Just a few minutes ago, an emergency alert probably appeared on your TV or cell phone, and it could also be heard on your radio if you’re still using those. Though the alert may have startled you, there’s nothing to be worried about as a result of it. Earlier this month, the Federal Emergency Management Agency announced that it would conduct an emergency alert test on October 4 at 2:20 pm EST by sending out an alert to every TV, radio, and cell phone in the United States. The test was done in coordination with the Federal Communication Commission. Now that the test is complete, you’re probably wondering why it had to be done.
Why Was There An Emergency Alert Test?
The purpose of this test is to ensure that the systems in place continue to be an effective means of warning the public about emergencies at a national level. Additional information was given in a message that arrived with the test, which you can read below:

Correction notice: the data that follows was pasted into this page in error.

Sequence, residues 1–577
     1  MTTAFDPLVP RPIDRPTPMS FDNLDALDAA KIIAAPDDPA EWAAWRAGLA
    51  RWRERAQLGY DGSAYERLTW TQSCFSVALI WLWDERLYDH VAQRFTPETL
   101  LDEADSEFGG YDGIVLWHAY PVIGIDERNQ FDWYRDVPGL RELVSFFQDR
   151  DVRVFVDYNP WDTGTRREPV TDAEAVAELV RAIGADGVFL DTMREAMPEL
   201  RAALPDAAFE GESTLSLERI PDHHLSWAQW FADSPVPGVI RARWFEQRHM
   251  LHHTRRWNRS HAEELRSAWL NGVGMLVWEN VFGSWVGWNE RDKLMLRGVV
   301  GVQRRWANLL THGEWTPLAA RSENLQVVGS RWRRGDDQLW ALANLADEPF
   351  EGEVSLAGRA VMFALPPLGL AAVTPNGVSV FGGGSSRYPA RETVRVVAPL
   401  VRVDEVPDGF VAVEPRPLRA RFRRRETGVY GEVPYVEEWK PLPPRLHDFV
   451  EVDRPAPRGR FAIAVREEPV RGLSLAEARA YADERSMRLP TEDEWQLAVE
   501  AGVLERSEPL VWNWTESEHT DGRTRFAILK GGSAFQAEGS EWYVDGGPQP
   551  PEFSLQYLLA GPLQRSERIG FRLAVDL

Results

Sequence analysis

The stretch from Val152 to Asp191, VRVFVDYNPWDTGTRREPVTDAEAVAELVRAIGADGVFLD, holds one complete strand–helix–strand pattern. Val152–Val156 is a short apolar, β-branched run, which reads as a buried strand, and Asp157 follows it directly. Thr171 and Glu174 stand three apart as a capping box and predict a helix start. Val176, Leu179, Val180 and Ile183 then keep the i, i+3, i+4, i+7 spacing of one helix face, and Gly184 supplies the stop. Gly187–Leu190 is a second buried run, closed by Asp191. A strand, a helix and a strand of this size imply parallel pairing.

THIS IS A TEST of the National Wireless Emergency Alert System. The purpose is to maintain and improve alert and warning capabilities at the federal, state, local, tribal and territorial levels and to evaluate the nation’s public alert and warning capabilities. No action is required by the public.
Additional Details: Wireless Emergency Alerts (WEAs) are short emergency messages from authorized federal, state, local, tribal and territorial public alerting authorities that can be broadcast from cell towers to any WEA-enabled mobile device in a locally targeted area. WEAs can be sent by state and local public safety officials, the National Weather Service, the National Center for Missing and Exploited Children and the FEMA Administrator or the President of the United States.